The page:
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Street Racing Syndicate
Street Racing Syndicate
Tune it up and turn it loose
Published by RU Joe
Author review
Replay value
Average 72%
Street Racing Syndicate


Similar to Need for Speed Underground 2, you play as a street racer - a tuner - looking to make a reputation in the local street racing scene while winning money to improve your car and buy new ones.
Unlike NFSU 2, your car takes damage and you must pay to repair it.
This creates a 'two steps forward, one step back' situation during the initial stages of the game.

The response of new stock cars is not good enough at first to avoid accidents while racing, and even small accidents cause expensive damage to your car.
You will need to repair that damage before it starts to affect the performance of your car.
Gradually, through the addition of better parts, the car's response increases which cuts down on the number of accidents you are likely to have.

In order to overcome this damage/ repair/ money hump there are sanctioned racing events which you can enter as many times as you want to earn cash while you slowly upgrade your car's performance.

There are several different Leagues in town that you can race with, and each have their own unique set of entry requirements.
Horsepower and cash are the most common criteria, and if you have enough of both, you can join in the race to get your chance of winning the purse which increases with the difficulty of the races.

Besides the sanctioned and League race events, there are also random tuners driving around town who you can invite to a race for cash.
The problem with driving around town looking for these events in the first place are the hundreds of COPS.

Yes, in the quest for realism Namco saw fit to add police cruisers who love nothing better than chasing you relentlessly until they catch you, or you get away.
Preferably the latter, and for that purpose you are given a meter which fills when you are in close proximity to a police cruiser - this is vital to escaping them.
Thankfully, they don't chase you during a race, like the police do in Need for Speed: Hot Pursuit, as this can become rather annoying.

The controls for this game are true to the type of car being driven, according to its own individual stage of development.
Game physics are realistic enough, but not as brutally realistic as Gran Turismo 4, which I consider to be a driving simulator rather than a game due to the fact that cornering even at relatively low speeds sends your car skidding.
On the other hand the physics are more realistic than those of Burnout: Revenge, where cars corner almost perfectly at high speeds as though they had velcro tires.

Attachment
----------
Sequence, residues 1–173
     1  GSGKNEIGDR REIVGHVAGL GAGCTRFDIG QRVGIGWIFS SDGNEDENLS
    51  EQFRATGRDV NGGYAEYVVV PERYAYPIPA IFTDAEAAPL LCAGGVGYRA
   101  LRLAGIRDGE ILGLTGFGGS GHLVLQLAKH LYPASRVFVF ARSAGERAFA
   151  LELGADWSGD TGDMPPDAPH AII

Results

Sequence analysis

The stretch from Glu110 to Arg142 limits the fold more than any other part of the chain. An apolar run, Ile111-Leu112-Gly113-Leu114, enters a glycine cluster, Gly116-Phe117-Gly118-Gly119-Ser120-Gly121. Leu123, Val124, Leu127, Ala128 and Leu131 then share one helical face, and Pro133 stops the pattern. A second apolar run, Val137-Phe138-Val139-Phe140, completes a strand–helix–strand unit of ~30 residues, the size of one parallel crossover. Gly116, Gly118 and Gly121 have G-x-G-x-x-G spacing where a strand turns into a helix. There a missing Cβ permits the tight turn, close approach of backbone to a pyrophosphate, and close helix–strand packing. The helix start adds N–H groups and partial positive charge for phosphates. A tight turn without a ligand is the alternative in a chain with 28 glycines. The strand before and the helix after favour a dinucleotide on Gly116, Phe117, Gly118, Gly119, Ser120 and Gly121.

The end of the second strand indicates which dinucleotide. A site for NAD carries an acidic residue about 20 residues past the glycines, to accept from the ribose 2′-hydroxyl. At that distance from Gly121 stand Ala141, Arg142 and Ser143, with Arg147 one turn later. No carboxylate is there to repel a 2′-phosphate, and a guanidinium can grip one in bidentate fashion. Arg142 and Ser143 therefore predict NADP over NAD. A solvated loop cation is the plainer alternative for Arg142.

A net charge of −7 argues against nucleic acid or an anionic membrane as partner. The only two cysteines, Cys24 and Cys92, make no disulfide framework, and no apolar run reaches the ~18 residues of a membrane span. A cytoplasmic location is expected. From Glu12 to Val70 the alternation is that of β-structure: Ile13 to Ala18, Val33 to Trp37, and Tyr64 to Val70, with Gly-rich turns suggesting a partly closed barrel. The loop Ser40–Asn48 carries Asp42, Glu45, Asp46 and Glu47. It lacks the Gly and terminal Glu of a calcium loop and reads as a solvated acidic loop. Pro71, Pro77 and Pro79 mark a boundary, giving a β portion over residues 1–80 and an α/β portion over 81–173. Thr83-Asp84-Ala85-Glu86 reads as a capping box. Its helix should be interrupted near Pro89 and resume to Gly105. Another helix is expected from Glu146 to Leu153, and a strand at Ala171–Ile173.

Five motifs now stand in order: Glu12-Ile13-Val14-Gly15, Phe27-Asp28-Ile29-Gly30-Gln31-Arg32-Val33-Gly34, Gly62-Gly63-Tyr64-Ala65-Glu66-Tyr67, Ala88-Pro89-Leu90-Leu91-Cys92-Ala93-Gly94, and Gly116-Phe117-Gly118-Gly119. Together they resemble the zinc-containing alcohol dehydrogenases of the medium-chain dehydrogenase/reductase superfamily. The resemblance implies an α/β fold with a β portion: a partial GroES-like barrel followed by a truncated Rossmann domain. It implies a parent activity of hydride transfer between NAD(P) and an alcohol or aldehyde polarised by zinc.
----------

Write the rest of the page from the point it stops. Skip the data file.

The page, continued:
SRS has something that other racing games usually don't = GIRLS.
In addition to all of those races, there are also challenges in SRS which are basically tasks to test your driving skill which girls ask you to do in order to impress them.

If you complete the challenge she has presented, she will 'ride with you' in your car [although you never actually see her inside], and a live - action video of a real model dancing will be unlocked for your viewing pleasure.
Each girl has several unlockable videos, and new girls are introduced as you progress in the game.

Like NFSU2, there are lots of real - life specialty parts manufacturer's products available for purchase and installation with which you upgrade your car, and overall I would say the selection is quite good.

Unfortunately, cosmetics are not a major factor in SRS, and there are only a couple of bodykits and spoilers, a few colors of paint, about 10 vinyl decals sets, a handful of colors for neon underglow, and absolutely no subwoofers for the trunk, individual carbon fiber parts, custom specialty doors, short, bling is certainly no big thing in SRS.

This makes me wonder why, within the game, there are 'cruising zones', whose only purpose is to show off your car; it drives itself automatically while you control the carmera to get a good look at your tricked out ride.
{that isn't so tricked out at all}
It's a real shame this mode wasn't available for NFSU2, because honestly, SRS fails miserably in the looks department when you compare the two due to its lack of cosmetics options.

Graphics: 5
The game environment is realistic and the rendering of objects is crisp with sharp edges, although the coupling of your car to the road and its surroundings takes some getting used to since the camera behaves as though it is mounted solidly to the trunk of your car.
This is unusual since most other driving games I have played let the car move somewhat independent of the camera, giving a certain sense of momentum and force to turns.

Sound: 4
While I am not personally fond of the game's soundtrack, the quality is good and game sound effects are as well.

Replay value: 3
This is a good racing game, but it pales in comparison to NFSU2 in my opinion because:
A. It has a mode specifically to show off the car, while NFSU2 had 10 times as many cosmetics and accessories [but oddly didn't have such a mode].
B. The police.

Challenge: 3
The biggest challenge I found was getting my car upgraded fast enough to improve handling during the first part of the game.

Tilt: 3
The girls in the game may be a big plus for some, but overall, besides the good graphics they are about the only notable thing about this game.

Apparently the PS2 version had online capability where you could compete in 'pink slip' races, and put your car on the line - online.
For the amount of hype surrounding Street Racing Syndicate, I'm a bit disappointed but will continue playing it...

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